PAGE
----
The collect and readings for the First Sunday after Pentecost: Trinity Sunday, may be found here. The following sermon is based on Romans 8:12-17 and John 3:1-17.
When my younger son, Randy, was about four years old he would wake up about four thirty in the morning and call out, “Dad, Daaad! Can I sleep with you?” I would call back, “Yeah, come on; but bring your own pillow.” He’d come running in dragging his pillow, jump in bed, and fall back asleep.
Randy knew that when he cried out I would be there, I would answer, and the answer was always yes. Every time he cried out, “Dad!” something deep within him was bearing witness that he was my son and I was his father. Something deep within him was bearing witness to a relationship of love, intimacy, trust, and faithfulness. His crying out did not create that relationship, it revealed the relationship that already was. His calling out was evidence or testimony of something he and I both knew and experienced deep within ourselves.
St. Paul says the same thing is true about us and God. We have already received a spirit of adoption. Something deep within us, something beyond logic, explanation, and understanding, knows that God is our Father and we are his sons and daughters. When we cry out “Abba! Father!” we are like a young child calling, “Daddy!” Those are not just our words, however. They are also the words of God’s Spirit bearing witness that we are the Father’s children, joint heirs with Christ.
Whenever we cry out “Abba! Father!” whether it be in times of fear, joy, confession, thanksgiving, praise, or simply the desire to be close we are opening our lives to God and taking our place in the life of God. We are acknowledging what already is: God is present; God will respond; and God’s first answer is always yes. That does not mean we always get what we want. God’s yes means that God always opens his life to us. Ultimately, God himself is the answer to our deepest and most profound needs and requests. God is the one in whom we live, move, and have our being. That’s what it means to be born from above.
To cry out “Abba! Father!” is to claim and seek our birth from above. It means that we take our place in the life of the Holy Trinity. In the mystery of Trinitarian life all that we are and all that we have become one shared life. We are forever opening ourselves to receive the life of another and pouring ourselves out into the live of another. “Abba! Father!” does not simply describe who God is, but also how God is.
Nicodemus asks, “How can these things be?” It doesn’t make sense that a person can be born again, from above, after having grown old. It makes no more sense than three persons who are one. It makes no more sense than a God who invites human beings to become divine, holy, and live like God.
Nicodemus doesn’t understand. He is literally and figuratively in the dark when he comes to Jesus. He wants information. Jesus, however, gives Nicodemus no answers. Instead, he offers Nicodemus an experience. He offers him a vision of new life and the experience of God. That life and experience are found in the Holy Trinity.
Some things should not be excessively explained or predicated on rational understanding. They can only be experienced. To explain sometimes diminishes or even eliminates the experience. Imagine what it would have been like if when Randy called out, “Dad, can I sleep with you?” I responded, “Can you first explain our relationship?” Parents do not do that to their children, neither does God.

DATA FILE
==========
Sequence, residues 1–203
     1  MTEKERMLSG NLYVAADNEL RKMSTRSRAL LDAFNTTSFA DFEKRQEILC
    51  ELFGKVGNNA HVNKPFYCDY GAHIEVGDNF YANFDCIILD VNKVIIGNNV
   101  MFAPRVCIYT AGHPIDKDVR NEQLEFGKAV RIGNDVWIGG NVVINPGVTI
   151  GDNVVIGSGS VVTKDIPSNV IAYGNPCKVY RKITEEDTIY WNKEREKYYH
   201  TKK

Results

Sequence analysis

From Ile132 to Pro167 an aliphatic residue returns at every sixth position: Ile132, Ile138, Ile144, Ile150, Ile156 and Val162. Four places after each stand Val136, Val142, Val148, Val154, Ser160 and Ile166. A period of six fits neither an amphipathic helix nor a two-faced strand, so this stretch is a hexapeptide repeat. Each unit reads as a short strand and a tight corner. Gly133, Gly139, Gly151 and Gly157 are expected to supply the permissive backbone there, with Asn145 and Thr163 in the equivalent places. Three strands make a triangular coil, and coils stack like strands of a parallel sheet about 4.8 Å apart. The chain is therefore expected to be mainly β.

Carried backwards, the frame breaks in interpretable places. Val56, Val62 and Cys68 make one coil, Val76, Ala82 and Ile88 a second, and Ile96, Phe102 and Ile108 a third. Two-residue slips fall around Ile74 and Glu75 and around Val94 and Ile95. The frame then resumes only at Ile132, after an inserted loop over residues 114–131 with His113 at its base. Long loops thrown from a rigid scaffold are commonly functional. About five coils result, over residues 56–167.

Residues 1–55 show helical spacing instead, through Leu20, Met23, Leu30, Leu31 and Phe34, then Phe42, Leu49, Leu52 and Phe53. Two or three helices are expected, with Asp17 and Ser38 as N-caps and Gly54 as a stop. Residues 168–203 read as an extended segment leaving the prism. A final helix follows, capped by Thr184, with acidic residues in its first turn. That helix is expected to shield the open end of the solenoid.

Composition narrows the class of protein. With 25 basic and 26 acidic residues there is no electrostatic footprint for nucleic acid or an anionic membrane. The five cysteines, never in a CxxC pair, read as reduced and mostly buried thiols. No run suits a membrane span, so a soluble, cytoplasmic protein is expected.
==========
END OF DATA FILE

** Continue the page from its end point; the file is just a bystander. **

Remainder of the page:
The deepest and most profound truths of our lives are not provable facts. They are, rather, relational, personal, and intimate. They offer experiences and meaning not explanations and understanding. The Feast of the Holy Trinity is not about a doctrine, ideas, or concepts. It is a feast of life, a feast of being and existence, a feast of love, a feast of sharing and giving, a feast of mystery that invites human beings to participate in God’s life.
The early church teachers spoke about the Trinity as perichoresis, the giving of one’s self and the receiving of another that happens in a dance. Perichoresis is the dance of love between the Father, the Son, and Holy Spirit. They are distinct and yet one the way dancers and the dance are distinct and yet one. Take away the dance and there are no dancers. Take way the dancers and there is no dance.
This choreography of love cannot be contained. It spills out and flows beyond the three persons. “For God so loved the world that he gave his only Son, so that everyone who believes in him may not perish but may have eternal life.” The choreography of love reaches out, connects, and enfolds. Trinitarian reaching out is expressed in the creation of all that is. Trinitarian connection is manifested in the incarnation, life, death, and resurrection of Jesus Christ. Trinitarian enfolding is the invitation to dance.
In God’s life no one is left out. There are no wallflowers. So won’t you dance?
“The deepest and most profound truths of our lives are not provable facts. They are, rather, relational, personal, and intimate.” Amen, amen, and amen. Happy Feast of the Perichoresis, mi compa!
Thank you Br. James.
Lovely. The Trinity is not an easy concept but you did a wonderful job of framing it as relationship.
Thank you Elizabeth. I am glad the sermon seemed to work. I wonder sometimes if the Trinity is so close to us and so descriptive of life that we sometimes are not able to see what is there.
Thank you for your inspiration, Ilove the idea of dancing with the Trinity, tried putting it into a prayer. Judy
The Father reaches out in Love,
Inviting us to dance.
The Son connects with us in Love,
Drawing us into the dance.
The Spirit enfolds us in Love,
Teaching us to dance.
So let us abandon ourselves
to the joy of the dance
with the Trinity of Love.
Beautiful, Judy, thank you. I hope you had a blessed Feast of the Trinity and are wearing your dancing shoes!